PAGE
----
Under the guise of fighting, one can no longer legitimately, against corruption, money laundering or the financing of terrorism, the United States of America has gradually made its rules of law a weapon of destruction in economic warfare (that they) lead against the rest of the world, including their traditional allies in Europe, as deplored by the authors of a parliamentary report submitted to French Prime Minister Edouard Philippe last June. We are thus witnessing, still according to this document, a proliferation of laws with extraterritorial scope allowing the authorities of the first world power to investigate, prosecute and condemn the commercial practices of businesses and individuals around the world. These procedures violate the sovereignty of the countries of which these actors are nationals, leading to “disproportionate” sanctions with the sole aim of weakening them in international competition.

In fact, on the extraterritoriality of American law, Uncle Sam’s hunting table is edifying and has enough to make you dizzy. Countless banks, like BNP Paribas, Commerzbank, HSBC, Crédit Agricole, ING, or Bank of Tokyo, but also major European industrial flagships, like Siemens, Alstom, Total, or Volkswagen, thus dealt with American justice. In twenty years, continue the authors of the aforementioned report, several tens of billions of dollars in fines have been claimed from foreign entities even though none of their incriminated practices had any direct link with the territory the United States of America. In 2018, Royal Bank of Scotland was fined almost five billion American dollars for its bad practices during the last financial crisis, a shame, the latter having mainly arisen due to the carelessness of American banks. Even the famous Swiss banking secrecy does not resist this widespread racketeering, Crédit Suisse having been fined, four years earlier, a fine of two and a half billion American dollars for having helped several thousand of its customers to defraud the American tax authorities.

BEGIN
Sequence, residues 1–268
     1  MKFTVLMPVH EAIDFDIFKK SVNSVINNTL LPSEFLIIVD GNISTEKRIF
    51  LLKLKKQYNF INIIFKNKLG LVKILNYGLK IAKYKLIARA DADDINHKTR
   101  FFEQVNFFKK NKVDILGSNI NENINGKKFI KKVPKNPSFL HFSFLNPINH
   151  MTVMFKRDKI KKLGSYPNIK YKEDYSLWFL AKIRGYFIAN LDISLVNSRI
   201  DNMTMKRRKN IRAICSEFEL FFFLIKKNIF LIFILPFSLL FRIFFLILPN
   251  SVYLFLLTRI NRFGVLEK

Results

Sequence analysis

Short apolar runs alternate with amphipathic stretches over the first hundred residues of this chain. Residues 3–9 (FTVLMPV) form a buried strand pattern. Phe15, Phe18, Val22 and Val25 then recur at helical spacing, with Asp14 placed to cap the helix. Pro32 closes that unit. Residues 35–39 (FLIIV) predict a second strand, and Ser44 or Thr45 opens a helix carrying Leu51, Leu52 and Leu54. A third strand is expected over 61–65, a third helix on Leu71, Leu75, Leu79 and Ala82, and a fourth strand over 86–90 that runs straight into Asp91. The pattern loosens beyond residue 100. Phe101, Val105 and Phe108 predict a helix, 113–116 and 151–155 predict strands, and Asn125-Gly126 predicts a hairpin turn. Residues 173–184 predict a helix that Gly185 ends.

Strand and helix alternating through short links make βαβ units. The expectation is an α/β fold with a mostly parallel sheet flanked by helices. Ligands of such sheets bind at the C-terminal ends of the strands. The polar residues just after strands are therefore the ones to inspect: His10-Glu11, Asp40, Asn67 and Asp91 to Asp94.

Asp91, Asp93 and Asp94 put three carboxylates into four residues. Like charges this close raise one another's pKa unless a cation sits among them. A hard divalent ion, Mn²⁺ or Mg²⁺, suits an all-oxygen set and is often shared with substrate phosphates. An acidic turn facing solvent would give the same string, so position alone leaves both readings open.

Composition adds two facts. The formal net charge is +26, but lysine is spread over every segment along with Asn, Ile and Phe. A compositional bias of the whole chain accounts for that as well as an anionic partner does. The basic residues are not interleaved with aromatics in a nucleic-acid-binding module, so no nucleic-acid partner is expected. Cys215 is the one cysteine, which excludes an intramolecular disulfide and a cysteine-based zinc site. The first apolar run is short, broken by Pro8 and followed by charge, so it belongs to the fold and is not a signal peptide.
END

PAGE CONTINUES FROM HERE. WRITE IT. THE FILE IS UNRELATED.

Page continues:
To this end and in reaction to the imposition of the secondary sanctions of the United States of America on Iran, the European Union announced to envisage a mechanism of payment by compensation within a vehicle of financing known as SPV. This financial arrangement would isolate any link with the American monetary system, so as not to expose any transaction to American sanctions. If this funding channel is created, it could, in the long term, allow European companies to freely pursue trade with Iran. However, today it seems far-reaching: to preserve their role in international trade, European companies have so far preferred to comply with American sanctions. In addition, the European Union modified its blocking regulation launched in 1996. It therefore leaves European companies with the choice of complying with American law by placing themselves in violation of the regulation, or of being in violation of American law and to be protected by European Union law. But again, all European multinationals have chosen the first option. In addition to a potential fine by a repressive court or an administrative authority, they fear a lack of interest from American or foreign investors (who can constitute a part of their significant shareholding) and the isolation of the American economic and monetary system. That is what can be said concerning the extraterritoriality of American law.